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Figurative Language Test 1

Directions: Choose only one answer. You are responsible for making clean marks and erasing
your mistakes. Try your best. When you are done, check your answers.
SECTION 1 DEFINITIONS: Match the term with the definition. Shade in the appropriate
bubble.
For questions 1 through 4. Not all of the choices are used.
1. metaphor - E

A. exaggeration for effect

2. alliteration - D

B. comparison of two or more things using "like" or "as"

3. simile - B

C. when one idea or sentence is stretched over two or more lines.

4. hyperbole - A

D. repeating the same starting sounds of words.


E. comparison of two or more things not using "like" or "as"

For questions 5 through 8. Not all of the choices are used.


5. rhythm - C

A. repeating the same starting sounds of words.

6. repetition - D

B. when one idea or sentence is stretched over two or more lines.

7. rhyme - E

C. a regular pattern of stresses, like a beat.

8. enjambment - B

D. when a poet repeats a word or words to emphasize


E. when two words share the same final sound

For questions 9 through 12. Not all of the choices are used.
9. personification C

A. when a words pronunciation imitates its sound

B. when the outcome of a situation is the exact opposite of what was


10. onomatopoeia - A expected
11. imagery - D

C. giving human traits or characteristics to an object or idea

12. irony - B

D. writing that uses the five senses to create "pictures"


E. exaggeration for effect

SECTION 2 EXAMPLES
Directions: Read the following examples of figurative language. Identify the poetic device that is
most clearly being used. Choose the best answer. Shade in the appropriate bubble on
your Scantron form.
13. When you, my Dear, are away, away, / How wearily goes the day.
A year drags after morning, and night / Starts another year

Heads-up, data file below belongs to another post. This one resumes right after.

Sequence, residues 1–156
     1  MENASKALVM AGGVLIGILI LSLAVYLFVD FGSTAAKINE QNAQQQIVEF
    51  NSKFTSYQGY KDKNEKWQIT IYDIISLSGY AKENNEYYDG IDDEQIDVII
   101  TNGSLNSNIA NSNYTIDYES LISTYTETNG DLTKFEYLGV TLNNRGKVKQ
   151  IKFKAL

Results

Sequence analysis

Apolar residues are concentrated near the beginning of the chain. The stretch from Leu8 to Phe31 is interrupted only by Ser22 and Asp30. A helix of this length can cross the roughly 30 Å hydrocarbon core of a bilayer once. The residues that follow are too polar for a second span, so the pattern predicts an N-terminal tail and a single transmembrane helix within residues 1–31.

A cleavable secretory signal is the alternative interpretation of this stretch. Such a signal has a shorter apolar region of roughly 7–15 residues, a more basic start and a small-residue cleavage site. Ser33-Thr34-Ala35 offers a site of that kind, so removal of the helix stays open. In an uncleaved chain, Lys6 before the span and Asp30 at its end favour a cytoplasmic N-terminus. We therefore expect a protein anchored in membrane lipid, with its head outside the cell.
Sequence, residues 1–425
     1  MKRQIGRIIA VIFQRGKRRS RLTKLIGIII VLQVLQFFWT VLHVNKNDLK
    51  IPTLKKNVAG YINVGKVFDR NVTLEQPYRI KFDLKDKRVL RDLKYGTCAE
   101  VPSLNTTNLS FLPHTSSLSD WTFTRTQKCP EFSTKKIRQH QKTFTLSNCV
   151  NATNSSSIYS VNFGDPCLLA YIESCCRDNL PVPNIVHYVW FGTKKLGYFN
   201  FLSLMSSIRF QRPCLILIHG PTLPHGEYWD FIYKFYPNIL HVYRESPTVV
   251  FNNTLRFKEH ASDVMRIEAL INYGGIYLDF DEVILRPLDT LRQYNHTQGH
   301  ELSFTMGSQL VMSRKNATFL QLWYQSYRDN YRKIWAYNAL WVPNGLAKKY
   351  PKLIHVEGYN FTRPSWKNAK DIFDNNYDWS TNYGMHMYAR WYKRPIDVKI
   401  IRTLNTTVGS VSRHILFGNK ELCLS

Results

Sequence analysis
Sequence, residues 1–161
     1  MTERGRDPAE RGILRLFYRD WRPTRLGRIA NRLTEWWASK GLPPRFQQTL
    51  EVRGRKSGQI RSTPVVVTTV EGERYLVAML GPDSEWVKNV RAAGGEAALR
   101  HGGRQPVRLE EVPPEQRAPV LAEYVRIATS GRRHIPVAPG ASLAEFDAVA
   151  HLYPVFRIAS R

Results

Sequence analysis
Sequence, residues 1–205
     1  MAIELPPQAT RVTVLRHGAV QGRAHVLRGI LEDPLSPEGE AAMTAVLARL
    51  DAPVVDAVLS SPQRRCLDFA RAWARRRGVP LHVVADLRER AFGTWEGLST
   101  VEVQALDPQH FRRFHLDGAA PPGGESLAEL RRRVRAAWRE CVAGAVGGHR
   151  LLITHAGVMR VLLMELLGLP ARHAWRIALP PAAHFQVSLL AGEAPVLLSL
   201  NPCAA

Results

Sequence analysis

a. metaphor b. onomatopoeia c. irony
d. simile
e. hyperbole
14. Chicago is a city that is fierce as a dog with tongue lapping for action.
a. enjambment
b. metaphor
c. simile
d. onomatopoeia e. repetition
15. Gracefully she sat down sideways, / With a simper smile
a. rhyme b. simile
c. metaphor d. personification
e. alliteration
16. Drip-hiss-drip-hiss- fall the raindrops.
a. metaphor b. hyperbole
c. personification d. onomatopoeia

e. simile

17. The fountain tossed its water, / Up and up, like silver marbles.
a. simile
b. hyperbole
c. rhyme d. metaphor
e. idiom
18. Falstaff sweats to death, as he walks along; / Were't not for laughing, I should pity him.
a. rhyme
b. personification
c. simile
d. metaphor
e. hyperbole
19. Lives of great men remind us / We can make our lives sublime;
And, departing, leave behind us / Footprints on the sands of time.
a. simile
b. metaphor
c. onomatopoeia d. alliteration e. hyperbole
20. His sorrow goes / Like mountain snows / In waters sweet and clear,
a. simile b. hyperbole
c. metaphor
d. onomatopoeia e. repetition
21. The tear-drop trickled to his chin: / There was a meaning in her grin
a. hyperbole
b. rhyme c. repetition
d. simile
e. metaphor
22. All night long with rush and lull / The rain kept drumming on the roof:
a. simile
b. hyperbole
c. repetition
d. personification e. rhyme
23. The child with / her infinite energy / would run / her parents to / the ground
a. metaphor b. simile
c. hyperbole
d. personification e. repetition
24. My love is like a red, red rose.
a. repetition b. personification

c. onomatopoeia

25. When the stooping sky / Leans down upon the hills

d. metaphor

e. rhyme

a. hyperbole b. personification

c. metaphor

26. There's a patch of old snow in a corner.


a. simile
b. metaphor
c. imagery

d. simile

d. irony

e. repetition

e. repetition

SECTION 3 WHOLE POEMS: Read the poems and the questions. Choose
the BEST answer.
We Wear the Mask
Paul Laurence Dunbar